Ukraine denies warplane in air
Ukrainian President Petro Poroshenko has denied Russia's assertion that a Ukrainian warplane was flying near the downed Malaysian airliner last week.
Russia's Defense Ministry stated that a Ukrainian military plane flew within 3-5km of the Malaysian plane at the time in was downed.
Mr Poroshenko told CNN that Ukrainian planes in the area were on the ground at the time of the crash and said Russia should provide evidence for such a statement.
Plane rerouted over Syria, compensation offer
Malaysia Airlines has rerouted a flight over war-torn Syria after its usual path over Ukraine was closed, following the downing of flight MH17.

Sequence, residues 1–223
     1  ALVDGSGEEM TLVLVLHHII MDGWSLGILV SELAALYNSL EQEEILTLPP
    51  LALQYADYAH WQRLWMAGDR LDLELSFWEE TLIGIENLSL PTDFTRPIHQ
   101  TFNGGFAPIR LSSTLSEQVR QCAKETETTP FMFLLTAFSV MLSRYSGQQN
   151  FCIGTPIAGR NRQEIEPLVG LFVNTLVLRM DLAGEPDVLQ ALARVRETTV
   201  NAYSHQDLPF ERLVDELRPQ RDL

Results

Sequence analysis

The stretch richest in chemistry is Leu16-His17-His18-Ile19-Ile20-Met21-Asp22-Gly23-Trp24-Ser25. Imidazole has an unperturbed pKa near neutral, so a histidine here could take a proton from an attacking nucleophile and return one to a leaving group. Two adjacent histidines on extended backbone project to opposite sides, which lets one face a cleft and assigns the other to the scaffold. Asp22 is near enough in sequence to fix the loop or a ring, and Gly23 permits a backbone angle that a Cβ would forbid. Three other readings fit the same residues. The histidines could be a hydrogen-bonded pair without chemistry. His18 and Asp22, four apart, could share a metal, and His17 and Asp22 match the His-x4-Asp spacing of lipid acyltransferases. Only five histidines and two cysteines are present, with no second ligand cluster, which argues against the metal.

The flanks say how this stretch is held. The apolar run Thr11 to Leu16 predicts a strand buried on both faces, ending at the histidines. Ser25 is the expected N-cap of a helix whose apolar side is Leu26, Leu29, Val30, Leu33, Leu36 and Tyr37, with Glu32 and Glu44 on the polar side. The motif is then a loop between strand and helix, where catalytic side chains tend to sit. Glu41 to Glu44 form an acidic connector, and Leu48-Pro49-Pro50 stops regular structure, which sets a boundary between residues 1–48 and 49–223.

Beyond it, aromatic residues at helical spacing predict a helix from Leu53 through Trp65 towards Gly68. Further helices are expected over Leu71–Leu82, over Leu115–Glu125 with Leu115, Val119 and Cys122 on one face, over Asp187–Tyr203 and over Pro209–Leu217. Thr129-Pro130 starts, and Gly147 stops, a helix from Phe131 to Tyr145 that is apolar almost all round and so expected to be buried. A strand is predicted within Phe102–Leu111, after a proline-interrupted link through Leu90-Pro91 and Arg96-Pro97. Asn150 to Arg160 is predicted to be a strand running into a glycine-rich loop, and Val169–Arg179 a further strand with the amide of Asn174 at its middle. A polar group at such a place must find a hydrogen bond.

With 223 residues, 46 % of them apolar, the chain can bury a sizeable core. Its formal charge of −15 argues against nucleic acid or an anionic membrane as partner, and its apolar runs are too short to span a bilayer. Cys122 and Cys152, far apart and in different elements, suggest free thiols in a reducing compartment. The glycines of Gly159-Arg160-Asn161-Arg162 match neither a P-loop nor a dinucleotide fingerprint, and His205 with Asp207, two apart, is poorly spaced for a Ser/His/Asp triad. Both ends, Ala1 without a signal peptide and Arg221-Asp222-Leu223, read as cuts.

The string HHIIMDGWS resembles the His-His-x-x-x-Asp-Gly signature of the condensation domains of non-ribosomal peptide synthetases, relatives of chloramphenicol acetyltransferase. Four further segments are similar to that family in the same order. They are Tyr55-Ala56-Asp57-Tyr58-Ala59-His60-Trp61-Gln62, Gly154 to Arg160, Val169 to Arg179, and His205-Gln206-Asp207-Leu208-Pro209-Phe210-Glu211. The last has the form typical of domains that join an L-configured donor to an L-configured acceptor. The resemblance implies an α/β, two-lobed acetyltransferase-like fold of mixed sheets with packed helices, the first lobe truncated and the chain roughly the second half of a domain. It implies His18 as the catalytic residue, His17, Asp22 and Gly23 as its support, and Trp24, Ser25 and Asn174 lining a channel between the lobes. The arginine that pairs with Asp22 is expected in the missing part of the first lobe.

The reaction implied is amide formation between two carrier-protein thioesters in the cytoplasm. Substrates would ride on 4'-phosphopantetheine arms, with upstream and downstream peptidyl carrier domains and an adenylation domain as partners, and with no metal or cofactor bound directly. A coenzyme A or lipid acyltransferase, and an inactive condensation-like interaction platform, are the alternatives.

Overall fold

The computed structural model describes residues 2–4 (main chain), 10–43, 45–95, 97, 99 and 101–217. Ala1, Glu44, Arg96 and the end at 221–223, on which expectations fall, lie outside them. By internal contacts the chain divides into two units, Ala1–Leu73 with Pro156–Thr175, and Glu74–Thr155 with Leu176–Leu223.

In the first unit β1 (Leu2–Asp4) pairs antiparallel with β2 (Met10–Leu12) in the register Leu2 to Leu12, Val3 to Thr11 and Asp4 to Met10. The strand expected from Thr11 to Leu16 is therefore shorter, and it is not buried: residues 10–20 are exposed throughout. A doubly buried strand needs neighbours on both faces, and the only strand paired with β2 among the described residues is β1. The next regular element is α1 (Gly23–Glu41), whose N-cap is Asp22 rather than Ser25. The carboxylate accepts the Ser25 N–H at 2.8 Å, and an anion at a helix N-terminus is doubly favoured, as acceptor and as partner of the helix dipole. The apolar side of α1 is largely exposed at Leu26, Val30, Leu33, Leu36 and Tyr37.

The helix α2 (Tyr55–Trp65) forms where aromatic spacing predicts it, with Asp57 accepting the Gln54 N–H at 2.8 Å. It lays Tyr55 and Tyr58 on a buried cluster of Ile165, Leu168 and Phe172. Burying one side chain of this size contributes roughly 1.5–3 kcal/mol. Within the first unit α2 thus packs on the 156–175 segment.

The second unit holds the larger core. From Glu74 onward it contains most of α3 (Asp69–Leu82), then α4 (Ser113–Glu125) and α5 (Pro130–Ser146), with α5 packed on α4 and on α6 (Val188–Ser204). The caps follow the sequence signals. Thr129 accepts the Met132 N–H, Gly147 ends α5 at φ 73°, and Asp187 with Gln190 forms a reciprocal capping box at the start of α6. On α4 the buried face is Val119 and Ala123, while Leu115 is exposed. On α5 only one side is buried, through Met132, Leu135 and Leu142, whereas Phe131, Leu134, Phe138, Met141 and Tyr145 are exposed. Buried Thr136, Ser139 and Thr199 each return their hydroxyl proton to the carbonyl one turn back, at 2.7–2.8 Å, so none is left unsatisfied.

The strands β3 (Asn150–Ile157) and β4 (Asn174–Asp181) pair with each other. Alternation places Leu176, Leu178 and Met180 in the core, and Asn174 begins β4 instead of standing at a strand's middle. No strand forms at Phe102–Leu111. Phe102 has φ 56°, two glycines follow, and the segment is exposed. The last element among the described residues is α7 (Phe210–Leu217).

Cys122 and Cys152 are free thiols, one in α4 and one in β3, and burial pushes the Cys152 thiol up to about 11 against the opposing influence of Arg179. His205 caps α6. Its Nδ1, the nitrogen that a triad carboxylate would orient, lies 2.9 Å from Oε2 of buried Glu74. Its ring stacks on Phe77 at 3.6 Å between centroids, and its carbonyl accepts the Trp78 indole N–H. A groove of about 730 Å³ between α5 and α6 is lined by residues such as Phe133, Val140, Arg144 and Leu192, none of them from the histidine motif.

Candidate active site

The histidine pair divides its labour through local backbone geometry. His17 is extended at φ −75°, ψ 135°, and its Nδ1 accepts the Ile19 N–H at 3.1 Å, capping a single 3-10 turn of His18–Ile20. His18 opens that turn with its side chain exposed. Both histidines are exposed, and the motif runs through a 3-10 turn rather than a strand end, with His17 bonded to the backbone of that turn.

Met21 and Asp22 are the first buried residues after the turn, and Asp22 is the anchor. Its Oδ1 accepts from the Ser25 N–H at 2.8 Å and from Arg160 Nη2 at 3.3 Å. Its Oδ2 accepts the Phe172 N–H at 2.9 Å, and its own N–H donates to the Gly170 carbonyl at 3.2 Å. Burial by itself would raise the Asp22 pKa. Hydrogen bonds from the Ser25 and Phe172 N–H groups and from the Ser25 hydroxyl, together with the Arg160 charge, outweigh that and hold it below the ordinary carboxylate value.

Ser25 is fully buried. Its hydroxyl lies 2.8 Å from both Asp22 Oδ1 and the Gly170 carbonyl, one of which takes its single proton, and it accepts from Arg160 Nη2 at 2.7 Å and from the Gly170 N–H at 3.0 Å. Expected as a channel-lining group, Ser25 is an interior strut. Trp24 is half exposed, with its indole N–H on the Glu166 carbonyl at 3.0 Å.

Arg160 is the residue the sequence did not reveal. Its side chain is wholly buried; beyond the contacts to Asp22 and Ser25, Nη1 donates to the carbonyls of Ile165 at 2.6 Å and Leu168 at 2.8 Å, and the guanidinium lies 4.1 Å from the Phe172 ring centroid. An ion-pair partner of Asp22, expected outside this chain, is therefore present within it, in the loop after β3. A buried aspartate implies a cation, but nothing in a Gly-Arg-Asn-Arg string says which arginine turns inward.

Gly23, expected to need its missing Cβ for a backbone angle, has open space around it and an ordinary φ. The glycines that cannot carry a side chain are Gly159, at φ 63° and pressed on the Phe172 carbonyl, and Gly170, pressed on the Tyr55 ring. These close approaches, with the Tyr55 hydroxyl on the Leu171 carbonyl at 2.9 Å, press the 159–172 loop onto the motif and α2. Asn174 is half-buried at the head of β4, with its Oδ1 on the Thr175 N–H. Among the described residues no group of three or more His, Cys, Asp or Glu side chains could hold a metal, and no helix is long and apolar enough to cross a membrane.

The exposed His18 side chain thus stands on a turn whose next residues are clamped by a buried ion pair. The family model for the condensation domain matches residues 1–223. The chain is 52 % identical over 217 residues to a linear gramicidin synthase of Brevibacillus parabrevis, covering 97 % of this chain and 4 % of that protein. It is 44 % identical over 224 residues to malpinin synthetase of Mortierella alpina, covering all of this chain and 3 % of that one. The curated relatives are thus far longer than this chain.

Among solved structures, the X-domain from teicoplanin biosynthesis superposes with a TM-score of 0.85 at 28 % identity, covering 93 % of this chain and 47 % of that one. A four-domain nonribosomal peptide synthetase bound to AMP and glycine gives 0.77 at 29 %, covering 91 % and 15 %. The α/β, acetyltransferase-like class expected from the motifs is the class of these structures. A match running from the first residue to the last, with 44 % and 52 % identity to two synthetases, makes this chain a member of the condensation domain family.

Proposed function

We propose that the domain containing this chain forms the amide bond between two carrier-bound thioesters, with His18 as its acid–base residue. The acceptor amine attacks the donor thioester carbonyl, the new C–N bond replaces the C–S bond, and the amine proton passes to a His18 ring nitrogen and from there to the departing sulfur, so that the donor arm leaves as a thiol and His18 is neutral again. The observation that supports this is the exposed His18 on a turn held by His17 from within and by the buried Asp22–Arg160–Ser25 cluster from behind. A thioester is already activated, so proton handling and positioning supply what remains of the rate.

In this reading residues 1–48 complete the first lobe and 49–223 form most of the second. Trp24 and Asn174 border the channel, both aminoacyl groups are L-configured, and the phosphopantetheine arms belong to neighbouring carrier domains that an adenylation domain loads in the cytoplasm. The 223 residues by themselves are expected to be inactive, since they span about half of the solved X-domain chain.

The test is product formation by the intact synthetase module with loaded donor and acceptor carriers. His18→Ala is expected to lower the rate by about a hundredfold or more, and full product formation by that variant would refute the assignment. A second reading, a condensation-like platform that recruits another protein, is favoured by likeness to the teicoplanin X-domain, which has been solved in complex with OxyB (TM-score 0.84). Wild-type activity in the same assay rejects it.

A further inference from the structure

A Swedish flight tracking service has posted a flight map on Twitter showing the change in the route of Malaysian Airlines flight MH4, from Kuala Lumpur to London. About 170,000 people have died in the Syrian civil war since 2011.
Meanwhile, Malaysia Airlines is offering $US5000 to the family of each passenger on board the plane. In a statement, the carrier said the goodwill payment would help ease the immediate economic needs of the victims' relatives, and won't be offset against any final compensation payment. Nor will it affect the families' legal rights to claim compensation in the future.
The airline said those families needing to travel as a result of the deaths would be provided with hotel accommodation, meals, and transport assistance, as well as emotional support, should it be required.